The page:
Officials with the Yukon Department of Health and Social Services laid out their plans July 25 for millions of dollars worth of cash Ottawa has promised.
Territorial officials announced some details about how the government will spend $25.6 million from the Territorial Health Investment Fund until March 2021 and $5.2 million over five years as part of a separate bilateral agreement between Ottawa and the Yukon.
Highlights include hiring a mental health nurse for the emergency department at Whitehorse General Hospital to assess patients and determine if admission to the hospital is right for them.
According to the bilateral agreement, the nurse will “redirect and coordinate referrals to community programs and provide other needed supports for individuals presenting at the hospital with a mental health and/or addiction issue.”
The nurse has been in place for the last few months, said Michele Goshulak, assistant deputy minister of corporate services.
The government will also expand home care and continue the Home First program — aimed at getting patients out of hospital beds and back to their homes — until at least 2022.
“We know from our data that we are putting people into long-term care homes like Whistle Bend twice as long as the national average and that’s in part because home care services had not been available to the extend that they’re needed,” said deputy minister Stephen Samis.
“So we are going to be enhancing the Home First program.”
Samis said the government will spend $2.1 million per year to offset the government’s costs for medical travel.
“Medical travel’s rising every year very, very fast, much higher than other parts of the health budget so this is to offset those increases.” he said.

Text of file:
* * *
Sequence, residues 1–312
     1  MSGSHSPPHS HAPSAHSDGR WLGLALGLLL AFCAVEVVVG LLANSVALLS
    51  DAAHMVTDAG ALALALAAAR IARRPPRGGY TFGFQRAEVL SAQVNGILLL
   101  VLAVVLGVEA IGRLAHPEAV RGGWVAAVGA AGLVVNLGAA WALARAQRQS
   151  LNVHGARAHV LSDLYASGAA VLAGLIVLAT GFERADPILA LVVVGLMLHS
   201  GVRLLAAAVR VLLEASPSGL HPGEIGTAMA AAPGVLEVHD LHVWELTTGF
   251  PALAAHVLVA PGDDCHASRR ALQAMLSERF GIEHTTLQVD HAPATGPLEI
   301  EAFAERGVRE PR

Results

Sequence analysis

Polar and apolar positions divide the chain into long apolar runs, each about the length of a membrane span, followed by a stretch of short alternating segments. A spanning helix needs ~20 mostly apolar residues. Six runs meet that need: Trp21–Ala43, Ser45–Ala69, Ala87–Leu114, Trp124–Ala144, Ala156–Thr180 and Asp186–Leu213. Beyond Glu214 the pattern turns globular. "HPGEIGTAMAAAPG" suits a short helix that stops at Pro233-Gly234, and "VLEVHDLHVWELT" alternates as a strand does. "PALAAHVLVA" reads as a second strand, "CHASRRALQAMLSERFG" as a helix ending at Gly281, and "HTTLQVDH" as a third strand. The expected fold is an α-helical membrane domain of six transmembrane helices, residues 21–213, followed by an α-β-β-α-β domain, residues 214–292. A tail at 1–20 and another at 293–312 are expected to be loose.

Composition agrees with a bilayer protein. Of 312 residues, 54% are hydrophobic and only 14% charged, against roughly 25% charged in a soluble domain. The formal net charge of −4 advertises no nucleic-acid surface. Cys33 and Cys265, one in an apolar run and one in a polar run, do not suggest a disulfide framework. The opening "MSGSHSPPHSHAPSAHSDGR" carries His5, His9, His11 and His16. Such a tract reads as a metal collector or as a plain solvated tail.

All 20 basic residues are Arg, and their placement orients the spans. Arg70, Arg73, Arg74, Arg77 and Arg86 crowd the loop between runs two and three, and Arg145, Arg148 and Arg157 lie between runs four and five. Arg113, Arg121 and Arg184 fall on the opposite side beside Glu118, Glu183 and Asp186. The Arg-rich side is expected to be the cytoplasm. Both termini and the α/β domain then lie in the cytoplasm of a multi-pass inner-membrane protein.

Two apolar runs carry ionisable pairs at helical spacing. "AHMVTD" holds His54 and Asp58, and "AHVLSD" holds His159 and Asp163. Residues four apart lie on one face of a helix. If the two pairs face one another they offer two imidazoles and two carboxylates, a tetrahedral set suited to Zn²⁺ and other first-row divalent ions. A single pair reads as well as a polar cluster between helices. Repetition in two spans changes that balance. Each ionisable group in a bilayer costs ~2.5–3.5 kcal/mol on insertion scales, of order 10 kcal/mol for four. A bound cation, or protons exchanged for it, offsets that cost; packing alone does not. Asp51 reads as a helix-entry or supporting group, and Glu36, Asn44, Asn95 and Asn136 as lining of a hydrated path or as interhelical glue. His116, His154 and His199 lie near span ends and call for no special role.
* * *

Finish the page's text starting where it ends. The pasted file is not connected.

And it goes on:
Samis said increasing money given to individuals travelling Outside for care “hasn’t been looked at yet.”
As opposed to giving individuals more money for augmenting their travel costs, Health Minister Pauline Frost said the government is trying to be “as innovative and creative as we can be.”
“What we’re trying to do through innovation is bring the supports to the communities. So (we’re providing) easier access to information, easier access to history and to allow specialized services to come to the communities hence reducing true medical travel costs.”
Goshulak said the government will continue a program that allows patients in the communities to connect online with their doctors in Whitehorse. The home health monitoring program for patients with chronic obstructive pulmonary disease will also be continued. Both were previously pilot programs.
Samis said about $6 million to $7 million is set to be spent on upgrades to the territory’s health technology systems.
“That will allow a lot more remote medicine, a lot more home-based care, a lot more tele-medicine, so that people stay in their communities and don’t have to travel out. That’s an example of one major investment we will be making to really bring our health information system up to the 21st century standards.”
Goshulak said some of the money will go to training for the Yukon’s mental health health workers and to improve the department’s data analysis.
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